PERINO: Yes. Well, that's good to know, Jesse.
GUILFOYLE: Jesse, the every man, right, so relatable.
WILLIAMS: He's the man of the people.
PERINO: The landing back in Philly, leaving New York on the way to Dallas, and then to Philly, it's probably a long 20 minutes.
WATTERS: Yeah. I mean, I've had this happen to me once. It wasn't, obviously, this severe, but I remember texting my mother saying I love you, and thinking I was going to go down. I guess.
GREG GUTFELD, CO-HOST: What did she text back?
GUILFOYLE: What was your mom text?
WATTERS: She said be nice to Comey. And, you know, I guess, maybe one of the lessons is when they're doing the safety demonstration to pay attention, because if you're in the exit row and you don't know what you're doing or you don't know to operate you air mask, that's very important. It looks like there were a lot of heroes out there. You take safety for granted when you fly in this country. This never happens in America, and it shouldn't happen in America. We're too advance and too well-regulated. And, obviously, this was a freak accident. And the investigation is going to show what happened.
But you hear about this in other countries a lot, in Africa, in Egypt, in Malaysia, or Ukraine. And, it just speaks to how kind, you know, kind of advanced and proficient the American airline industry is. I hope Southwest does right by these passengers and gives them more than a free upgrade for the next flight. They have to take care of these people. This is one of the things that will leave you, you know, scarred forever. And the stock price has taken a huge slide today, recovered a little bit. But Southwest is ranked really high, according to the other airlines.
But, at the same time, they've had a lot of P.R. disasters. They've had computers crashed. They've had these emotional support dogs bite people. They've had fights. They've had to drag women out, they were fighting and kicking and screaming, they serial overbooked flights. They don't do that anymore. So, hopefully, Southwest can recover from this, and all these people I hope are recovering too.
PERINO: Greg, one thing that's really different now than even since 2009, this last time that there was a fatality on a plane is that social media now allows you to actually be experiencing it and, like, to see it, and to -- as Julie was saying this is quite harrowing. But, we wouldn't have known any of that before social media.
GUTFELD: Yeah, and we probably wouldn't have lead with it, because I don't think we should have led with this story. I mean, there're 40 million flights a year, there wasn't a single commercial jet fatality in 2017. But you can't lead a show with flights that land safely because that's boring. But, to your point, it was just a very good point because you have the video and stuff that makes it more interesting. And sometimes that makes a story bigger than it should be in many different ways.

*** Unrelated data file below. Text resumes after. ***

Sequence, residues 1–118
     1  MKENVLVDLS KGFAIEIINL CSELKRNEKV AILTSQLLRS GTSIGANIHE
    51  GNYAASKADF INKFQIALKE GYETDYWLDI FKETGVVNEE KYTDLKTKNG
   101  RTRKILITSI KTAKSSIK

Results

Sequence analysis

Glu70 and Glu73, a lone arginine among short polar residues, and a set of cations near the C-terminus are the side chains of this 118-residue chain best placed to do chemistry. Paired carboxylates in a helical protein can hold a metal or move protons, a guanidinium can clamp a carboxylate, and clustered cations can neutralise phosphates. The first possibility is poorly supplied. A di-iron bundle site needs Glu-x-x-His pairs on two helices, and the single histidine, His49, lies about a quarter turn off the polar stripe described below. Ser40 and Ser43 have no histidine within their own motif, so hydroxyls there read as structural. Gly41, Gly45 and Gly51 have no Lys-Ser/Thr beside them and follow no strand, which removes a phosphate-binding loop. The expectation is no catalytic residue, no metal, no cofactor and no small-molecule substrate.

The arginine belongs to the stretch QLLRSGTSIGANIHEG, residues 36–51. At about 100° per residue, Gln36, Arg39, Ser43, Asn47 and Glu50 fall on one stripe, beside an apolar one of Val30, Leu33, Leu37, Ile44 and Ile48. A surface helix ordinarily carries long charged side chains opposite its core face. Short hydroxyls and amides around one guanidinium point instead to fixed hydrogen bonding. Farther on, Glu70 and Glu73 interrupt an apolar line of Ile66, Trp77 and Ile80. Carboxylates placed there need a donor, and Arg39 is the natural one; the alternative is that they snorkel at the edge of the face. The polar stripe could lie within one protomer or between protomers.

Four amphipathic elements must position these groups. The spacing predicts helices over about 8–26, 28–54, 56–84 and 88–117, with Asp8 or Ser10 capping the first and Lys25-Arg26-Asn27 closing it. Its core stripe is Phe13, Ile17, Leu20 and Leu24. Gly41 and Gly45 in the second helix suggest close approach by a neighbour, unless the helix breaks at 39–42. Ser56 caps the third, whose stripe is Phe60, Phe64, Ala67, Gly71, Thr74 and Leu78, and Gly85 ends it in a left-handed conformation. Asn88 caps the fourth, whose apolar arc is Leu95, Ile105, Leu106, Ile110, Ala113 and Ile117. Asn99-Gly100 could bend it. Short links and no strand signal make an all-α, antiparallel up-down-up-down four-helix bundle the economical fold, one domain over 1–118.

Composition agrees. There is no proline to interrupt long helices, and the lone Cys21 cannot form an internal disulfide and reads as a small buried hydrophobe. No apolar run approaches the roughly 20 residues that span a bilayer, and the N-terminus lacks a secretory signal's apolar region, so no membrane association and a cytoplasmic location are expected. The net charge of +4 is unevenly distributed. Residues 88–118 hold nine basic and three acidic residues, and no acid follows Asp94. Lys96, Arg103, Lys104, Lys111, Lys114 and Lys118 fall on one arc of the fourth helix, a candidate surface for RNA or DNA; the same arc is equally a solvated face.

WATTERS: But it's amazing when you see the flight trackers, you ever see the video when they show all the flights going over every little inch of the country, how safe it actually is.
WATTERS: Because it never happens.
GUTFELD: Yeah, I mean.
WATTERS: Thousands of flights, you know, up in the air all at once. It's amazing how they're able to make sure everyone lands safely.
GUTFELD: Yeah. I mean, when you think about the fact that 600,000 people die every year from heart disease, and I guess, you know, that's not as exciting a visual.
WILLIAMS: No. But there's something serious here, which is -- my old boss, Ben Bradley, used to say we don't cover all of the safe landings at national airports.
GUTFELD: That's my point.
WILLIAMS: And that's your point and I understand it. But, at the same time, just understand what happens with someone in a window seat who is being pulled out of the window while the plane is in the air, Greg, and other people are over there. According to the accounts on board, she was bleeding. There's blood all over -- I mean, that's a pretty wild experience.
GUTFELD: I understand.
PERINO: What happens, Kimberly, from the legal standpoint, from the Southwest lawyers, NTSB lawyers, et cetera, and also, possibly, for the passengers?
GUILFOYLE: Well, right. Obviously, there's probably going to be a tremendous amount of, like, you know, civil lawsuits. But it's going to depend on the results of the investigation, what they determined happened, whether it was human error, whether there was any kind of conscious disregard for unknown risk, you know, acting in defiance of that, or just negligence, or saying, OK, we'll let this plane fly for however many more hours when perhaps they should have back. We don't know this yet. But these are the type of things they will be looking for in terms of the record. Now, we are pretty scrupulous in terms of how we keep our records and all of the flight tracking, maintenance. It's very important because one time is one time too many. If you let a plane go up in the air and you cleared it to fly and something is, you know, terribly amiss. So, things can happen in general. So, if there's any idea of something that's malfunctioning, or engine lights going on, or something like that, very curious to see the flight history for the past, you know, say, 50 to 100 flights that this particular airplane went on. Generally speaking, phenomenal aeronautics for a 737, and they've been proved to be very reliable, have a tremendous safety record, so now we'll have to see what went wrong here and how Southwest can improve upon it. They do a lot of short flights, quick commuter flights, that's saying with their airplanes.